Kingston Hospital Trust and St George’s Hospital Trust in Tooting are both rated ‘Good’
It’s a magical moment that changes the lives of parents forever, and expectant couples in South West London are lucky to have good maternity wards nearby.
Both Kingston Hospital Trust and St George’s Hospital Trust in Tooting are rated ‘Good’ for their maternity services and score highly in the most recent patient surveys conducted by the Care Quality Commission and the NHS.
But if you’re more concerned about having a natural birth, or ensuring skin to skin contact with your newborn you may want to look at the figures below for the best ward for you.
Labour and birth
Both trusts scored highly in this category, but Kingston Hospital just edged it scoring 9.0/10 overall compared to 8.8 at St George’s.
Kingston was praised for providing pregnant women with advice at the start of labour, scoring 9.3/10 for this category. So if you’re a first-time parent, or nervous about the experience, it might be worth considering Kingston Hospital.
St George’s stood out for encouraging skin to skin contact shortly after birth, scoring an impressive 9.8/10.
The maternity team at both hospitals were praised for being attentive during labour and birth. Kingston scored 8.7/10 overall, with St George’s close behind at 8.6/10. Although St George’s scored slightly lower for women not being left alone by midwives or doctors at a time when it worried them, achieving 7.3/10.
Care in hospital after the birth
This was the worst scoring category for both trusts, with Kingston scoring 7.7/10 compared to 7.4/10 at St. George’s. Delays in discharge were the main reason for bringing the scores down, with St George’s receiving just 4.7/10 and Kingston not faring much better with 6.2/10.
Maternity units at both of the trusts are rated as Good by the CQC, although these reports have not been updated since 2016.
Kingston was praised for taking the individual needs of women into account, and offering compassionate care and emotional support from staff.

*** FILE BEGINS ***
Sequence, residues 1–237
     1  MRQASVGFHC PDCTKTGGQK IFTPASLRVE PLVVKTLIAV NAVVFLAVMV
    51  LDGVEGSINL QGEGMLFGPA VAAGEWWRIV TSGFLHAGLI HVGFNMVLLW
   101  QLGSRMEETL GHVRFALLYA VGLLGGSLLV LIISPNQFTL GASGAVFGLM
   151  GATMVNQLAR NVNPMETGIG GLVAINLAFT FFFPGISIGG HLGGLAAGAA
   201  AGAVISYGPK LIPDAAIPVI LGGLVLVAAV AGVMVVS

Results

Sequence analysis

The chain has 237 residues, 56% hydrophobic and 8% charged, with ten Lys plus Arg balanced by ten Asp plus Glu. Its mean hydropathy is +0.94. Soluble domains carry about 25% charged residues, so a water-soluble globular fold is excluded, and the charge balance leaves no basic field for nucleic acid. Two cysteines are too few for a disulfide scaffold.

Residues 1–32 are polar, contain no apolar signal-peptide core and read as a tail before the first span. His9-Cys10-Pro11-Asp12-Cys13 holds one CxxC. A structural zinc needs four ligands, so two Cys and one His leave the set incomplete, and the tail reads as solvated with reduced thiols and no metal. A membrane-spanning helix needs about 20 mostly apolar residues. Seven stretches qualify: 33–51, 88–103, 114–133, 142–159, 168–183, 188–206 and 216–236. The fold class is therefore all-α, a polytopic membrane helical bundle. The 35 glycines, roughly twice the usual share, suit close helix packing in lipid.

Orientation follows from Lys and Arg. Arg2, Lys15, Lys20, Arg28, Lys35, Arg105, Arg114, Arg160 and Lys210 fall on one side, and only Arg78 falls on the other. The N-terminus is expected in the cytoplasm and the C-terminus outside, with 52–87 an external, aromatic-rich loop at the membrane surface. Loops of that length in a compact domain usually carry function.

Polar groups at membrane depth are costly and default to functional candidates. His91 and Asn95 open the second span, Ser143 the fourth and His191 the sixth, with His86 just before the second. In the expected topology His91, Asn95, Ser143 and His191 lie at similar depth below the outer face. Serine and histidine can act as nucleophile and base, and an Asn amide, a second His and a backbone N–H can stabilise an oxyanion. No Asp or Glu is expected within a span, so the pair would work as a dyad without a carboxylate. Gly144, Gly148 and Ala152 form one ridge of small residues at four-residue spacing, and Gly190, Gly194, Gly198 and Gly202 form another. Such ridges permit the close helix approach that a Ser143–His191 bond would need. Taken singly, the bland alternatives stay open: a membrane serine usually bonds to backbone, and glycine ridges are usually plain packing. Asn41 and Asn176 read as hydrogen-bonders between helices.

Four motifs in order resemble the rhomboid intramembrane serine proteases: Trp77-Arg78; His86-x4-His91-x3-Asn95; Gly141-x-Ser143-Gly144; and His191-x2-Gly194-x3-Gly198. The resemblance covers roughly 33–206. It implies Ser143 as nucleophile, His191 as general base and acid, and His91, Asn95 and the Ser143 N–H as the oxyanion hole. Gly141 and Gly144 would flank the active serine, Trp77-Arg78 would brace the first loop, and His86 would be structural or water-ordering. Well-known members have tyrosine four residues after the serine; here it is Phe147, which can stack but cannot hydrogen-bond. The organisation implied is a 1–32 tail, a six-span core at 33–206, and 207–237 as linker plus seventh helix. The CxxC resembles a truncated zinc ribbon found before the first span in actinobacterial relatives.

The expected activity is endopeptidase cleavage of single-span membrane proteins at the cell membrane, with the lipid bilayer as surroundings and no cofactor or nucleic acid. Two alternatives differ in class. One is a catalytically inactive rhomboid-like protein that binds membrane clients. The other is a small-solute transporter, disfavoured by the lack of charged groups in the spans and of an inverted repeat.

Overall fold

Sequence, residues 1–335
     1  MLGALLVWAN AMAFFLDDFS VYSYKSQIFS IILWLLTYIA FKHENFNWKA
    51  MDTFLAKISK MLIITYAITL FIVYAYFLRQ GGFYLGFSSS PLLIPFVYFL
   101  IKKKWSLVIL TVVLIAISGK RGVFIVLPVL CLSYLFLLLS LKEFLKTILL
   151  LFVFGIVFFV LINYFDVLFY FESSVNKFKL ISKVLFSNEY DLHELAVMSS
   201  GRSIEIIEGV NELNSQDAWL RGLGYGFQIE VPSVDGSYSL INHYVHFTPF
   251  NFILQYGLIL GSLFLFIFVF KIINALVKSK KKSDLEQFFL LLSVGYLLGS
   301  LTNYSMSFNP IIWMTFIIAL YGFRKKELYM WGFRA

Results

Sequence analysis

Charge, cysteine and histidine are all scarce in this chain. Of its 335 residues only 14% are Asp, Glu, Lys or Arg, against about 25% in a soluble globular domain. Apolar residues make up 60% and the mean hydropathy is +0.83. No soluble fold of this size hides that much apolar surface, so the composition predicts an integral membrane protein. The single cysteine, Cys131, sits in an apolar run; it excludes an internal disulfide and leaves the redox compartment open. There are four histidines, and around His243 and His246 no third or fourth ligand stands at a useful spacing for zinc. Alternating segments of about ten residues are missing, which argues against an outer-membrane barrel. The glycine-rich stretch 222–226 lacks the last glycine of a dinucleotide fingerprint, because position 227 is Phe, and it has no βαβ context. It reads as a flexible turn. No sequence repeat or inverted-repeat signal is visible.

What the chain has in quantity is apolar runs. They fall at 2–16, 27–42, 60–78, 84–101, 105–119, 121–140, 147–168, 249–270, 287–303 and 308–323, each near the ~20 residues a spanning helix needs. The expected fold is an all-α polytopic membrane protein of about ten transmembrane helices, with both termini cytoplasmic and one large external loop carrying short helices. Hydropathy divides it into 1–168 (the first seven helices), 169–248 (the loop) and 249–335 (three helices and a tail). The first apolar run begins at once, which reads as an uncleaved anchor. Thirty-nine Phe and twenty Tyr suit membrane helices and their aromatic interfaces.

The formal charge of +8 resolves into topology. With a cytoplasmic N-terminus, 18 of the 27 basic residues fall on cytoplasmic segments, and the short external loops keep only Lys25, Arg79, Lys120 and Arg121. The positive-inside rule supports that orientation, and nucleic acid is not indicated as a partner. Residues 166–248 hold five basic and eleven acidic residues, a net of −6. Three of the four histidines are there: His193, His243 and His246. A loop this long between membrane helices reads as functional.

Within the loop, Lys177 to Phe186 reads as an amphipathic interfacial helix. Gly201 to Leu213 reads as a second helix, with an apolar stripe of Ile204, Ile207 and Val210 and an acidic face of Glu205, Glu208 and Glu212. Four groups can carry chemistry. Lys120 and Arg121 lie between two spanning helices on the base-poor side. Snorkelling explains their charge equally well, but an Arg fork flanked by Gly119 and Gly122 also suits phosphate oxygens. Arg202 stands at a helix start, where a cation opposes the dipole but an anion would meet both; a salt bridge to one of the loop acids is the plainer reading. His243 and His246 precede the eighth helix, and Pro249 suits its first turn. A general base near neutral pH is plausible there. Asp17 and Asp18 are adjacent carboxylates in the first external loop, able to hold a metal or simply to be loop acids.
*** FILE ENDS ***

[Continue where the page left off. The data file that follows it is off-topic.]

However, the report noted that while additional midwives had been recruited and could be deployed if the unit became busy, there was some pressure on bed capacity.
The community midwife service was also operating well, but nearing full capacity.
The CQC highlighted that St George’s had “excellent access to specialist midwives” to give all pregnant women access to the right services for their needs.
The trust was also involved in innovative work around home monitoring of high blood pressure during pregnancy using a mobile phone app.
There was also “outstanding performance” in relation to supporting women who had pregnancy loss.
However, the report noted that not all women received continuity of care from midwives and that leadership in the unit required improvement as some midwives felt their concerns about the management of the service were not listened to at executive or board level.
Both trusts have midwife-led units for those hoping to have a more natural and relaxing birth, as well as the usual delivery suites.
At Kingston Hospital this is known as the Malden Suite. Women can plan to give birth here if they have a healthy pregnancy, a normal delivery is planned and birth happens on its own after 37 weeks. Mum’s-to-be don’t need to book and can make the decision at the start of labour.
There are four birthing rooms and two pools for labour and birth, as well as three postnatal beds. The unit provides birthing stools, cub stool, bean bags, floor mats and birthing balls to support active labour.
But if things don’t go according to plan, it is just a short distance from the labour ward and theatres.
St George’s has similar support at the Carmen Midwifery-Led Birth Centre, for those who would rather avoid medical interventions and give birth naturally.
The suite contains four birth rooms, including two with pools and en suite bathrooms. They also provide one to one care from a midwife who will support you during labour as well as birthing balls and a Multitrac partner seat.
Once again, if you have any concerns or decide you want an epidural, it is close to the main delivery suite, where Obstetric Doctors, Midwives, Anaesthetists and Paediatricians are based.
Sian Bayley - Local Democracy Reporter
September 30, 2019